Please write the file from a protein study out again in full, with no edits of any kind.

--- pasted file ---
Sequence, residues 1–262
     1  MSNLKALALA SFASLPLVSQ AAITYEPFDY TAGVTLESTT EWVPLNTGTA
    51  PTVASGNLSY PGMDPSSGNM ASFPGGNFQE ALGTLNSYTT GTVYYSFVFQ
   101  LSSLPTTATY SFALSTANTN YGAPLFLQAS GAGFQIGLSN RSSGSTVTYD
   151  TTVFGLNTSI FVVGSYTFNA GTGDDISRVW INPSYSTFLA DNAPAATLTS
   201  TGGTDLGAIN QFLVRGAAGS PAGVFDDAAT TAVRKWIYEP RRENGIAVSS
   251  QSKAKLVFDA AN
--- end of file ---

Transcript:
Sequence, residues 1–262
     1  MSNLKALALA SFASLPLVSQ AAITYEPFDY TAGVTLESTT EWVPLNTGTA
    51  PTVASGNLSY PGMDPSSGNM ASFPGGNFQE ALGTLNSYTT GTVYYSFVFQ
   101  LSSLPTTATY SFALSTANTN YGAPLFLQAS GAGFQIGLSN RSSGSTVTYD
   151  TTVFGLNTSI FVVGSYTFNA GTGDDISRVW INPSYSTFLA DNAPAATLTS
   201  TGGTDLGAIN QFLVRGAAGS PAGVFDDAAT TAVRKWIYEP RRENGIAVSS
   251  QSKAKLVFDA AN